Wednesday 11 May, started off with a completely new feature to visit: the recently restored Bigalı fortified coastal battery. This has only just opened as a museum to display its function during the 1915 campaign, as the main 3rd Corps Rifle Repair Workshop. Situated five minutes along the Eceabat-Gelibolu road, we were given an introductory tour by the Museum’s Director, Ms Aslıhan Kervan, who explained that the restoration was made as faithful as possible using old plans, photos, documents and tools. In July 1915, General Essad Paşa consolidated all Turkish rifle workshops here under one roof and armourers repaired some 90,000 rifles during the campaign. Following repair, each rifle had to be test-fired on the adjacent range. This has been recreated to allow visitors to (electronically) fire a replica Mauser at targets on a screen: very interesting exhibition and a great deal of fun to boot!

22. Rifle Repair workshop at Bigalı

23. Explaining the process

25. “Test firing”

Onto the Anzac Sector next, where we trod the newly-opened pathway from Shrapnel Valley to Russell’s Top.  This, the work of the Gallipoli Site Directorate, enables us to walk in relative ease from the Anzac rear areas up to firing lines and the newly-cleared trenches. Then, descending by coach, we joined up with the regular tour group to partake in the traditional gözleme lunch.

26. Gözleme lunch

27. Stairway en route to Russell’s Top

28. A cleared trench

Next, on to the Hill 60 Walk, starting at the cemetery and covering the perimeter of the Hill 60 sector. This provided us with a far greater understanding of the topography and nature of the fighting in this sector. With names like West Ham Gully, Carisbrooke Castle, Upton Park and the Broadway, these locations provide evidence of the 54th (East Anglian) Division troops, who held this area through the autumn of 1915.

The weather on our last Peninsula day, Thursday 12 May was forecast as a scorcher, so it was decided to switch the afternoon’s programme to the morning. Our first stop was Hill 10 Cemetery and the adjacent Newfoundland Regiment Memorial. This latter is a new addition to the Gallipoli landscape in the form of a splendid statue of a caribou. From there we proceeded to the recently refurbished Kireçtepe Jandarma Memorial, commemorating the Gelibolu and Bursa Jandarma Battalions, which were responsible for halting the advance following the Suvla landing.

29. Jandarma memorial

30. The new Caribou memorial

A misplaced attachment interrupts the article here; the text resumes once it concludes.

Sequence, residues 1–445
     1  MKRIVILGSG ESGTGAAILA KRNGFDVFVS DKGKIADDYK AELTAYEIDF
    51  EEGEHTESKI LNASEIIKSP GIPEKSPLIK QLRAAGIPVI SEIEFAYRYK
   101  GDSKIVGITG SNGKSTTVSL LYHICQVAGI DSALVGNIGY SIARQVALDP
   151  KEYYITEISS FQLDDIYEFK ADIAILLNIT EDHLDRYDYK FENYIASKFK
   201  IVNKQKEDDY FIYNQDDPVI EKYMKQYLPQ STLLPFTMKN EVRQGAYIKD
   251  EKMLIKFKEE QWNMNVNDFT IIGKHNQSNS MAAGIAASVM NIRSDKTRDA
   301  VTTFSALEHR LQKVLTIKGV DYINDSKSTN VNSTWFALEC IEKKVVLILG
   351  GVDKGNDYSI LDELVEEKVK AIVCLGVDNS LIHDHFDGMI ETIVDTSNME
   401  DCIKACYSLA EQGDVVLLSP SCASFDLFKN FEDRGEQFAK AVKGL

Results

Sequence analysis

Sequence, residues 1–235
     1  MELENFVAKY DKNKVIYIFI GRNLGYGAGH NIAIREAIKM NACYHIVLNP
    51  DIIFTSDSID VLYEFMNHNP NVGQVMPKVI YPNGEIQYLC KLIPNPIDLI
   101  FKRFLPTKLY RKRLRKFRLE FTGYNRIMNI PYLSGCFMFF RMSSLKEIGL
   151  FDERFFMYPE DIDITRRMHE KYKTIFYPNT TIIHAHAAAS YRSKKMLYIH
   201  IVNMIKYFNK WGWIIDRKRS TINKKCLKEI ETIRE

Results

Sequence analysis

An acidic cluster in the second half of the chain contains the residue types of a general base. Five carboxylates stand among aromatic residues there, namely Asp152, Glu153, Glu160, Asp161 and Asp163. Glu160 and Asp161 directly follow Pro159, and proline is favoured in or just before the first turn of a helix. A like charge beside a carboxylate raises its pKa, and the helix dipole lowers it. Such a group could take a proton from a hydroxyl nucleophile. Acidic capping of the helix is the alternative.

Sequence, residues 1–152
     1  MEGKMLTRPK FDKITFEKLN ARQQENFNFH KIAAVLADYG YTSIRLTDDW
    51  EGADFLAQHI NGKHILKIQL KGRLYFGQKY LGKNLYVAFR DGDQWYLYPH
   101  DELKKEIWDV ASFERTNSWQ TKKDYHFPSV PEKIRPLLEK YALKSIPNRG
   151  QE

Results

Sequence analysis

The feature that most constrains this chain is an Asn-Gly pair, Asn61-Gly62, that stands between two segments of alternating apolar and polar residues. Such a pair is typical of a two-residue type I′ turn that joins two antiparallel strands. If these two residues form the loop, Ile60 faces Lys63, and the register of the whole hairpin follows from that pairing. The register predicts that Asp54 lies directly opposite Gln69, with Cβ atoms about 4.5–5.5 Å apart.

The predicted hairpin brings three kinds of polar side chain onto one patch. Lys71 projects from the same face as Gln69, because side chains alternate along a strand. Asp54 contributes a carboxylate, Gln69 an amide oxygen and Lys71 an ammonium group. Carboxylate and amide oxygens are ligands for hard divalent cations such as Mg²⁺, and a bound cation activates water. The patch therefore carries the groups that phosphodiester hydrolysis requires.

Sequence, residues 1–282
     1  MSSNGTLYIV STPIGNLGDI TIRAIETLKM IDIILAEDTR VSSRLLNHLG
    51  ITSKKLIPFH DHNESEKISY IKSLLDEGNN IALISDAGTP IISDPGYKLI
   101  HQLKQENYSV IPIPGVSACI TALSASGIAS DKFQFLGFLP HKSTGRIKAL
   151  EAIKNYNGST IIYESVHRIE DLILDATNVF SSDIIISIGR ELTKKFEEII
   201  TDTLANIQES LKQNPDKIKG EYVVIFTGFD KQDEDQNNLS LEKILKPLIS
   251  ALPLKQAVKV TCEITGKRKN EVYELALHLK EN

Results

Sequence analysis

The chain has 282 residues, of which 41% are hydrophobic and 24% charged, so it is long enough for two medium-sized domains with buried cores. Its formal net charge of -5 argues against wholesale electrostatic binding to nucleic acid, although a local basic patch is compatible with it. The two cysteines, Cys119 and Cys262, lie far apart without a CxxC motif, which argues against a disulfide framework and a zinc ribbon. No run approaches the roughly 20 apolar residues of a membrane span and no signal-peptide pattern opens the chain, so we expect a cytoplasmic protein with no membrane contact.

31. View from Kiretch Tepe

A dramatic walk along Kiretch Tepe Sirte was intended to be next, however access to the ridge itself was denied us due to this year's vigorous growth of impassable scrub and brush. We did manage however, to view the surrounding areas of Kidney Hill, the Pimple and Jephson's Post, before descending to the road and taking our coach to Özay Gundoğan’s private museum and rest-stop at Büyük Anafarta. There we had our packed lunch and viewed the exhibits.

After lunch we drove to the Turkish monument at Scimitar Hill, but before proceeding on from there, the Director of the Gallipoli Historic Site, Mr Ismail Kaşdemir, stopped by to welcome us. After a chat, he kindly presented the group with red caps and miniature replicas of the 'Gallipoli Star' (properly called the Harp Madalyası). Following a group photo with Mr Kaşdemir, we walked on to the W Hills. There we had an in-depth study of the August Offensive, including the assaults by both the 29th and the Mounted Divisions, as well as a close-up view of the Turkish positions on the W Hills. That closed the day and we departed for Kilidbahr and the ferry back to Çanakkale.

32. Monument at Scimitar Hill

33. The “Red Caps” with Mr Kaşdemir

34. W Hills

Friday, 13 May, saw us depart the battlefield over the new 1915 Çanakkale Bridge, en route to Istanbul. Practically all 22 members signed up for the add-on programme, which began with our checking into the Marmara Pera Hotel, close to Istanbul's bustling Istiklal pedestrian precinct and Taksim Square. We then crossed the Bosporus to the Asian side and the fascinating Haidar Pasha Cemetery. This CWGC cemetery contains burials and memorials from the Crimean war, PoWs of the Gallipoli campaign, the allied intervention in revolutionary Russia, and even WWII. Whilst we were grouped around the impressive Crimean War Memorial, Stephen described the role played here by Florence Nightingale.

35. Taksim Square memorial

36. The Nightingale monument

37. Dedication to Florence Nightingale

The tour’s final day, 14 May, began with a visit to the Istanbul Army Museum, which charts the history of the Ottoman and Turkish Army over the last 1,000 years. The First World War and Dardanelles galleries were our main focus. In the garden was a Krupp fortress gun and the figure of Corporal Seyit, who became a national hero, because he hefted artillery shells to the gun, when the hoist was out of action.

Then, by special invitation, we visited the German War Cemetery and Commemoration Centre in Tarabya, a suburb to the north of Istanbul. Overlooking the Bosporus, the cemetery is laid out in the shape of a ship’s bow, and lies in the beautiful park gardens of the German Ambassador’s summer residence. A sitting room in this building is where the historical Treaty of Alliance between Imperial Germany and the Ottoman Empire was signed on 2 August 1914. Our guide was GA member, Colonel Klaus Wolf, also author of “Victory at Gallipoli 1915”.

Colonel Wolf was a lead figure in setting up the Gallipoli Commemoration Centre here to provide an accurate picture of the German participation in the Gallipoli campaign. Almost all the graves date from the Gallipoli campaign itself and include the crew of UB-46, sunk in the Black Sea. Klaus also took us to the graves of famous personalities like Field Marshal von der Goltz, Baron von Wangenheim (who, as the then German Ambassador, signed the Treaty with the Ottoman Empire) and told us of the visit by the Kaiser in 1917, who thought the sculpture to the fallen soldiers was not “martial” enough.

38. Klaus Wolf briefing the group

39. Tarabya cemetery mid-section

40. The Ambassador’s residence

After lunch on the shores of the Bosporus, we said our goodbyes and transferred to Istanbul Airport for the return flight. An impressive week, which will not be quickly forgotten, nor the new friends we made on this tour.

“One of the best ever” is an understatement!

Enjoyed reading this? If you would like to join a future tour, please let us know by emailing for updates on our tour(s) planned for 2023.

Thomas Iredale
Overseas Officer and Trustee
The Gallipoli Association